Jason Whittenburg is a clever, clever man. He’s been running Jain’s Intelligence Daily for some time now – a collection of very useful resources. My favourite one is the brilliant Classic-Space custom model report, which essentially aggregates pictures from Classic-Space into an easily viewable package. Very neat, and it saves a lot of time. Another useful feature is Brickverse Today, which collects feeds from a lot of different LEGO blogs (including Brothers-Brick!) and showcases them in condensed form with links to the full articles. But the best thing is that all of this info is collected in RSS-feeds, ready to go straight into your reader!
After Paul Hartzog raised the idea Jason added another feature: the AFOL history database (or the Adult Fan of LEGO history database). This is a collection of all the important dates that has happened in the LEGO community to help us collectively remember, rejoice, and in some cases, mourn.
Or at least it will be with your help. See, right now there’s only 23 entries in the database. Do you know of something that has, when we look back at it, put its mark in the community? When was that particularly influential model built? That major website started? And there was that funny discussion that has become a running gag…? Put it in there! The RSS feed is configured to ping on the day of every event.
Even if some parts of JID is very much space oriented, all community moments are welcome. Jason has provided us with the resources – let’s make it the best it can be!
My first model in about a year is one for the Steamwars contest. It’s a steampunkified pod racer. Yay!
The Darling Apollo, here in the Machina Nosejob edition, is a craft without equal. Made of the finest wood and iron, it’s not only a beauty a look at – it also pack a mighty punch. The immense engines gives it a power of nearly five horses combined, but due to it’s hovering nature it handles terrain much better than the land-based creatures. At such dizzying speed the vehicle’s controller must be sharp-witted, precise and elegant – all prerequisites fulfilled by gracious driver Trenton Telgaard.
You can see more of it on flickr. Prepare to race!
Zachmoe’s latest is a beautiful piece. It’s very difficult making something look this thrown together, but the result Zach gets leaves me dumbstruck. Check it out on his flickr stream. It is based on this concept art from the Classic-Space concept gallery.
Edit: The original concept art is drawn by Keith Thompson. Thanks for the heads up Ethan!
In the wake of the Transformers movie (and games), we see quite a few lego iterations of the robots. Adrian Drake’s Blackout is certainly one of the better. It looks great in both helicopter mode and bot mode:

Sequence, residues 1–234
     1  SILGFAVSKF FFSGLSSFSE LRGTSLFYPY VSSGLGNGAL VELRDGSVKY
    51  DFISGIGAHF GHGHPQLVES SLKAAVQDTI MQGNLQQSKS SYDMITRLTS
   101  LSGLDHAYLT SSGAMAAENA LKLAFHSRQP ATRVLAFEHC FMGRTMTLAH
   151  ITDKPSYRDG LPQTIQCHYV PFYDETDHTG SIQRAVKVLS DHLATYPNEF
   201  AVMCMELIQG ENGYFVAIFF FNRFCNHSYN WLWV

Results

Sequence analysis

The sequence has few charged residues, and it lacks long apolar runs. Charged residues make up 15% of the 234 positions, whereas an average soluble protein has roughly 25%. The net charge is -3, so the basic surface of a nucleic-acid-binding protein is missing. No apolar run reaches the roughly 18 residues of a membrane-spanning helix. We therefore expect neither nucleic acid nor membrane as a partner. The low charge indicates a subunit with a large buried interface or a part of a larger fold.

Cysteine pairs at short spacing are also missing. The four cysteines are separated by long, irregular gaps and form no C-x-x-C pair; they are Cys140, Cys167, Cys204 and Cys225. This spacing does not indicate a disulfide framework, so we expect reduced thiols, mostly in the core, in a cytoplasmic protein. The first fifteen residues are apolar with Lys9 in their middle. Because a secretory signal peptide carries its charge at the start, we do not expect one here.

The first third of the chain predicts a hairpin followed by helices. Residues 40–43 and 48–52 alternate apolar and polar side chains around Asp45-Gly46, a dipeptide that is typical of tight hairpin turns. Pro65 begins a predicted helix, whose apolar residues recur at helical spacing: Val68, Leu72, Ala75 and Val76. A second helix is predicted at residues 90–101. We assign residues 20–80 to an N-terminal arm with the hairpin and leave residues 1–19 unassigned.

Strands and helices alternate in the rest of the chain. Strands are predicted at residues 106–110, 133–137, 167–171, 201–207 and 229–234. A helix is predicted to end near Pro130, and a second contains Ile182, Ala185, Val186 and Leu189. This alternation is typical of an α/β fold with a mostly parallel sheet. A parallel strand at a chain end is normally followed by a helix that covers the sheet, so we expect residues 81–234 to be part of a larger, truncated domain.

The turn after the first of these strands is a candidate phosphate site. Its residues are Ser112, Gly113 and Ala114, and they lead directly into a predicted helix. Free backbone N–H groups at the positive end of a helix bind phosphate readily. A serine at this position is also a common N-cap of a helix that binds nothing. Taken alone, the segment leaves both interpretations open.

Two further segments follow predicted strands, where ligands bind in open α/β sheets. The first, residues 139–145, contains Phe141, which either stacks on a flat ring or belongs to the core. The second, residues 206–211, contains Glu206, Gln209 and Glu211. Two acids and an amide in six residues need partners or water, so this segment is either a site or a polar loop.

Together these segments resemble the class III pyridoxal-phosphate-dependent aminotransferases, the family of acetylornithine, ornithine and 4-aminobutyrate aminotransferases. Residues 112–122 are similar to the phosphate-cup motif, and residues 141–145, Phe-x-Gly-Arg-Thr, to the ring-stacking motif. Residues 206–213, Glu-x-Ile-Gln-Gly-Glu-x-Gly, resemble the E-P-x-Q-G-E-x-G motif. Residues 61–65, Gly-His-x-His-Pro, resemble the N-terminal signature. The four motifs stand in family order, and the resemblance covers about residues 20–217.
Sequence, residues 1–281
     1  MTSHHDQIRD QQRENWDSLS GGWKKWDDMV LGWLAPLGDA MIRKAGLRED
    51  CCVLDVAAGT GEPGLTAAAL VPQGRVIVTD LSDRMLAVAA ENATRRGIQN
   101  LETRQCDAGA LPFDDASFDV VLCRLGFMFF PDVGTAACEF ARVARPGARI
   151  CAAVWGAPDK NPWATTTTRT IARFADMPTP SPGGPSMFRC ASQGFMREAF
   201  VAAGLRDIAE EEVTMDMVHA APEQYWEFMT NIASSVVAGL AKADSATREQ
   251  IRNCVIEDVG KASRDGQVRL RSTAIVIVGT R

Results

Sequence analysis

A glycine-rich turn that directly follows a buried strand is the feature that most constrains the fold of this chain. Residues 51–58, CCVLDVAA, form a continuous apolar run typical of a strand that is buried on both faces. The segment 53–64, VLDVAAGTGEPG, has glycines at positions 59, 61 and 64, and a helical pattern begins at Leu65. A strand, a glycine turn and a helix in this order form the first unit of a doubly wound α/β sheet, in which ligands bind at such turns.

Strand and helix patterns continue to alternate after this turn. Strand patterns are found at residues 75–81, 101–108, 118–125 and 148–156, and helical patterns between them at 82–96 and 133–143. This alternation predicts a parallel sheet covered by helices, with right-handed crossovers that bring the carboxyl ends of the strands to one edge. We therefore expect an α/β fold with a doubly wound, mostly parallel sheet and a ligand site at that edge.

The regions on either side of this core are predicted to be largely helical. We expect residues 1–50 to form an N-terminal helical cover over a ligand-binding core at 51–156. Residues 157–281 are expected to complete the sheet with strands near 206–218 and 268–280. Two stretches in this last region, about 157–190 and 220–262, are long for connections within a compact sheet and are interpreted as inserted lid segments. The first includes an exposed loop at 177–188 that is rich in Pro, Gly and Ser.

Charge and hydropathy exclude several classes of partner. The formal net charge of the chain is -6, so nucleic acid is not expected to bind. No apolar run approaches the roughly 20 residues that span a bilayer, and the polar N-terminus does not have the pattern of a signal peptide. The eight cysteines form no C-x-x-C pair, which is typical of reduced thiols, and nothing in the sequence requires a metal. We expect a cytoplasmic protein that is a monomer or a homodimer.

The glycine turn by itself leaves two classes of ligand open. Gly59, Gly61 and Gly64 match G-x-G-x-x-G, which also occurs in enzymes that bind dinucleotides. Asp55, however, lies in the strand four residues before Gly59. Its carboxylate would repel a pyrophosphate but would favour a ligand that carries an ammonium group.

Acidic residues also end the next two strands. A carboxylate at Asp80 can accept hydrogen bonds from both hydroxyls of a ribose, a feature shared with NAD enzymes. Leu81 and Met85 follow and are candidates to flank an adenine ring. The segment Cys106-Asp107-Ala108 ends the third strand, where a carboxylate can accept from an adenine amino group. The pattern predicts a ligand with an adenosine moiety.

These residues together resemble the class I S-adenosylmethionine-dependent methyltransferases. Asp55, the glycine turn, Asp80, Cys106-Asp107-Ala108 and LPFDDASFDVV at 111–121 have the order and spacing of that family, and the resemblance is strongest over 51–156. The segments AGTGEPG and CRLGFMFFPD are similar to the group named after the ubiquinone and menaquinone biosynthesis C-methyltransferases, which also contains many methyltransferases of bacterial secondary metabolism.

Read about it on Adrian’s brickfrenzy.com or comment it on his flickr stream.
The first thing aspiring builders of space learn to avoid is making their ships look like boxes. But Justin Vaughn proves that the shape is timeless with The Amazing Spacebrick! (or Incredible Flying Shoebox, whichever you prefer).
Take a look at this unique piece of work on either Flickr or Brickshelf.
This creature, dubbed Black Mechos, is just creepy. Kudos to you Jerac! Excellent work.
Tyler C – or Legohaulic, as he is more commonly known in these circles – have created this fantastic post-apocalyptic diorama:
From the broken statue, to the bullet holes near the dead body, all the way to the mech, the feel is just great. It takes a long time to take it all in. Go put on a pot of tea and take a few deep breaths, then check out Tyler’s flickr or brickshelf.
Done with that? Great. Then you can move straight on to Spook’s post apocalyptic Crab Tank for another mind-blower:
These both look cobbled together with whatever their inventors had lying around. I love the genre already.
A while ago Rob M, or Dasnewten, revealed a good-looking fighter, fantastic in its dark grey glory:
It’s a beauty to be sure, and he even made a few variations on it. I like them all – Rob really shows that a good design can be pulled off in several colour schemes:
And then, just because he could, veteran space builder Paul Hartzog also took his hand at it:
This model is getting quite a following! Perhaps everyone should build their own version and bring it to the next convention?
(Now that the hectic school is over, I’ve got a lot of catching up to do here. Stay tuned as I bring you the best of the past futuristic models. I’ve missed this.)
Nnenn is quickly becoming one of my favourite builders. He’s got all the necessary qualities — excellent technique, wonderful imagination, great presentation. But he also manages to shake things around a bit in the community! When the traditional view can be said to be that of the purist — only use original Lego pieces, essentially – Nnenn doesn’t refrain from using clone bricks, modifying existing pieces or playing with custom stickers. Very refreshing when done this well, as it is in his Ula-Kit 319.
So is the more liberal view Nnenn represents a step forward or a step backward for our hobby? Judge for yourself.
I’m pretty hard to get sold on a mech, but I found mondaynoodle’s Ascension… well, fantastic. Quality work throughout. Look at the gallery and take it all in for yourself.
A lovely little piece of retro-tech is Steve Vargo’s stirling flyer:
Busterbuilder has put together a fun little futuristic air craft:
I really like the angles on the wings and near the cockpit, and the colour designations on the wings are a fun little detail. Good work!